Triathlon NZ name only three in elite squad

Last updated 15:14 25/01/2013
Andrea Hewitt
PROMISING START: Andrea Hewitt finished fourth at the ITU World Cup event on the Sunshine Coast.

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Triathlon New Zealand has named a small elite squad for 2013 as it attempts to rebuild it's high performance programme.

In the wake of a disappointing Olympic campaign in London last year, where sixth-placed Andrea Hewitt was the top New Zealander, and the retirement of top male duo Bevan Docherty and Kris Gemmell, only three athletes have been declared in the organisation's 'podium' tier.

Hewitt is joined by Kate McIlroy, who was 10th in London, with Ryan Sissons the only male in the group.

Sissons was 33rd in London and has a way to go in order to pick up the mantle of his predecessors, particularly double Olympic medallist Docherty and 2004 Olympic champion Hamish Carter.

Below the podium trio sit six athletes in a lesser 'podium development' group, comprised of Simone Ackermann, Bryce McMaster, Sophie Corbidge,  Rebecca Kingsford, Mikayla Nielsen and Tony Dodds.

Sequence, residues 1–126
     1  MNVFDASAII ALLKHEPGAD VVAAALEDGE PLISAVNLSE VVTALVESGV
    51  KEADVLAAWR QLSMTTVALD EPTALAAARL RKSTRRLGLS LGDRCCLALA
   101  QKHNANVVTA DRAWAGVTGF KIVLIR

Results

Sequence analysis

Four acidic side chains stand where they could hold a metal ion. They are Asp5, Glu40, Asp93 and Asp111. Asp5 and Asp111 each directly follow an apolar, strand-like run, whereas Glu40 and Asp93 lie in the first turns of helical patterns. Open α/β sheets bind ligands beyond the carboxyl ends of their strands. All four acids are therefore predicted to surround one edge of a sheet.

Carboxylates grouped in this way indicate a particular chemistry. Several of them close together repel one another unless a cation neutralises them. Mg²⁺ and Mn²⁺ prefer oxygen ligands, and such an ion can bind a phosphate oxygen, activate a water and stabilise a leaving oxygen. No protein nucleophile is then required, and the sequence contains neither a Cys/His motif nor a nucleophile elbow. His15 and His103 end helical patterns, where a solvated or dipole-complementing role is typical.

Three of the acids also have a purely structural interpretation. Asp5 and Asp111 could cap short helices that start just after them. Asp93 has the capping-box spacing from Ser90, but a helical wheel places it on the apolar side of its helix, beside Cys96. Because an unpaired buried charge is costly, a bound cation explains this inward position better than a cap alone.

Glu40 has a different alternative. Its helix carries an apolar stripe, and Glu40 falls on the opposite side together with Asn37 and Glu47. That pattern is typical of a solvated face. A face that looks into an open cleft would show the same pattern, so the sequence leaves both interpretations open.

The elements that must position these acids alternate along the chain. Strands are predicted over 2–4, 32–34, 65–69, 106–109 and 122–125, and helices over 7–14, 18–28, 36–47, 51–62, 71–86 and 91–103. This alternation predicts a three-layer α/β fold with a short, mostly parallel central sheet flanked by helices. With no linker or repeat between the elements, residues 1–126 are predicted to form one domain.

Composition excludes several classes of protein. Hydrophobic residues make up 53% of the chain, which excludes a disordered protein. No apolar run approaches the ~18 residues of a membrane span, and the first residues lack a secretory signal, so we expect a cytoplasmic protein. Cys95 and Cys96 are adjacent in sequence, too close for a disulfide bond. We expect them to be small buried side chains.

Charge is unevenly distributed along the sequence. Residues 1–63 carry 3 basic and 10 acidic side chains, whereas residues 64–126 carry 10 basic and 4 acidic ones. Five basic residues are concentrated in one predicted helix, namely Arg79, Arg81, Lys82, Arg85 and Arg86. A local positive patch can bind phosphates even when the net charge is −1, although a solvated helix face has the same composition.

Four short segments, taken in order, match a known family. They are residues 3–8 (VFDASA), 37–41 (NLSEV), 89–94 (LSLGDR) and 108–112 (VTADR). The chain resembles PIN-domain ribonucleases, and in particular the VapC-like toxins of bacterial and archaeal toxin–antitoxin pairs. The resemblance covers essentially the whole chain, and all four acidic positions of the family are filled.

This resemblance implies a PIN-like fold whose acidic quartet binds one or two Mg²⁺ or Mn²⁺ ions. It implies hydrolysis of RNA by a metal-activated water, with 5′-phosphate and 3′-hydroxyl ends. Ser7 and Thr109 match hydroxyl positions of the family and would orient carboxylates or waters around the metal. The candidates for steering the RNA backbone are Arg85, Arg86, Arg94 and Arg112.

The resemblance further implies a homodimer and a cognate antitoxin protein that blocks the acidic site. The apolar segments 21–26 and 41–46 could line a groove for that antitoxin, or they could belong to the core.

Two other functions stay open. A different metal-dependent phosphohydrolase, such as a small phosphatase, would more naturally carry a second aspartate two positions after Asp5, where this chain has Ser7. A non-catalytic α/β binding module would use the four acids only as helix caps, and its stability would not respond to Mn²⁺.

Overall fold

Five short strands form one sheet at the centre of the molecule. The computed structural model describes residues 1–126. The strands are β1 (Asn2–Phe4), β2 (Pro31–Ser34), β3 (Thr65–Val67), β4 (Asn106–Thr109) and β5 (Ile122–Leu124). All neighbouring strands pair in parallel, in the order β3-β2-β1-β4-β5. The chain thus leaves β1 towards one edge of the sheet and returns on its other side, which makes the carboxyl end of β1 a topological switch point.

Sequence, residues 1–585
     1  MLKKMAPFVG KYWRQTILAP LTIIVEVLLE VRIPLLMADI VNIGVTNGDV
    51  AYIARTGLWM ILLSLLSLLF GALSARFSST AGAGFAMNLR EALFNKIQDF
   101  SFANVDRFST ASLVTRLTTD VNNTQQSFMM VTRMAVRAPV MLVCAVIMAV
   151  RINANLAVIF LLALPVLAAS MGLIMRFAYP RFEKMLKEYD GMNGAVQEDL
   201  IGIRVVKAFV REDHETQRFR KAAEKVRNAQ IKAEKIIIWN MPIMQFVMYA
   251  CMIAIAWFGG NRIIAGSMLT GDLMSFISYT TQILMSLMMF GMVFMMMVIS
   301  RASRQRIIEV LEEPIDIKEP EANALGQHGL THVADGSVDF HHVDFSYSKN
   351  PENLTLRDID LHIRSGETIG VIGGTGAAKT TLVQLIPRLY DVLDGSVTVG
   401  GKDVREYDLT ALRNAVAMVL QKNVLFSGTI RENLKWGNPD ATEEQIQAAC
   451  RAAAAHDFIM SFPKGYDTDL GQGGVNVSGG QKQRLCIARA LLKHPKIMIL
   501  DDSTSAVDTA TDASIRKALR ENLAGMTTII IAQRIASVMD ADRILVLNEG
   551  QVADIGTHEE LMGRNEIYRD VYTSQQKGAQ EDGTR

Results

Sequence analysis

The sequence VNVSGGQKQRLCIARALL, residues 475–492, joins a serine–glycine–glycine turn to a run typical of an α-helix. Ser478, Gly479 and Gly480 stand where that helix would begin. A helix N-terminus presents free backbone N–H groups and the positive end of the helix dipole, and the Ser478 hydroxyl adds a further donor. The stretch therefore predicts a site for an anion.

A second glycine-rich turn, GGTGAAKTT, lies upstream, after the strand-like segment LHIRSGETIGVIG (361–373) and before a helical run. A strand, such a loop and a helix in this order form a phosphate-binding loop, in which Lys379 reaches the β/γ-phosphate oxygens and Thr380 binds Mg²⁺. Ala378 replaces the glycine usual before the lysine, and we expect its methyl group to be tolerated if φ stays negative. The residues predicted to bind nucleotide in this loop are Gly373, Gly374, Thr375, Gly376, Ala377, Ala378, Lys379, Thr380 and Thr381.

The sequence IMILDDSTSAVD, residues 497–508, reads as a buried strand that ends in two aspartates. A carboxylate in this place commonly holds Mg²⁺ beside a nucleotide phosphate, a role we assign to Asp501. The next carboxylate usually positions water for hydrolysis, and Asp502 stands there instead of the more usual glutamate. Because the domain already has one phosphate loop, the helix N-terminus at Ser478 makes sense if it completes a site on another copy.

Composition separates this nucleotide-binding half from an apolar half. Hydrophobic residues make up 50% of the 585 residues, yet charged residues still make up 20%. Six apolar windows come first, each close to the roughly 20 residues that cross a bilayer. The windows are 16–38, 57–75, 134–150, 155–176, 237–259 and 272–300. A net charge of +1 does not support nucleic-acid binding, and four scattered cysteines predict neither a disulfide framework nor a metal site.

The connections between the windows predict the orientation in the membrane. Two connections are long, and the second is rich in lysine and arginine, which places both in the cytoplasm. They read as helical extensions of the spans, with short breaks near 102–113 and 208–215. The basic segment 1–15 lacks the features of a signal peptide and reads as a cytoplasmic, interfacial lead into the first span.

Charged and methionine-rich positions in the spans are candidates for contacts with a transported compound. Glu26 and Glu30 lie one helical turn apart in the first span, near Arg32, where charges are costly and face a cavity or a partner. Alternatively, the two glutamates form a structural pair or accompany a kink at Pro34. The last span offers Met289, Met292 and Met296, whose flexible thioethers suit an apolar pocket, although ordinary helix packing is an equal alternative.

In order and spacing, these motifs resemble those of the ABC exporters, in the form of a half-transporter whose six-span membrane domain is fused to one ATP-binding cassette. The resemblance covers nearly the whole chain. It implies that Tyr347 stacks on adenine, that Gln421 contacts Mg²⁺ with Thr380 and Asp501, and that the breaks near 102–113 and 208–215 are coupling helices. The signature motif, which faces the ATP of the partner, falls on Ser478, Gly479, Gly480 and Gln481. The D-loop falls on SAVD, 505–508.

A further five athletes fill a third-tier group. They are Maddie Dillon, Elise Salt, Sam Ward, Aaron Barclay and Andrew Ranford.

A total of 14 athletes are in the system headed by new high performance director Graeme Maw.

That is a significant reduced from 21 previously as Maw attempts to rebuild triathlon with a view to the next two Olympic cycles.

Maw says the changes were clearly signposted after an independent review into triathlon's elite programme. 

"The Review highlighted that the way forward was by way of a narrow based pathway with higher world-class standards, using an evidence-based high performance selection process for more effective investment, this squad selection is in line with that conclusion," Maw said.

"While this has made for a number of tough calls, the athletes that have been selected will have clarity around their performance goals and targets and expectations. 

"I am excited about the 14 athletes named today, they are our focus, this is where our attention will lie and they will be given every opportunity to fulfil their potential within clear guidelines and expectations.

"The focus is very much on medal potential in 2016 and 2020, meaning we must support those athletes progressing towards the podium, and we must ensure development athletes track quickly along the athlete pathway."

Maw says a fundamental change is the need to improve talent identification.

Nicky Samuels is a notable omission from the entire high performance set-up - strongly suggesting her Olympic-distance multisport career is over.

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Samuels was 35th at London 2012.

- Fairfax Media

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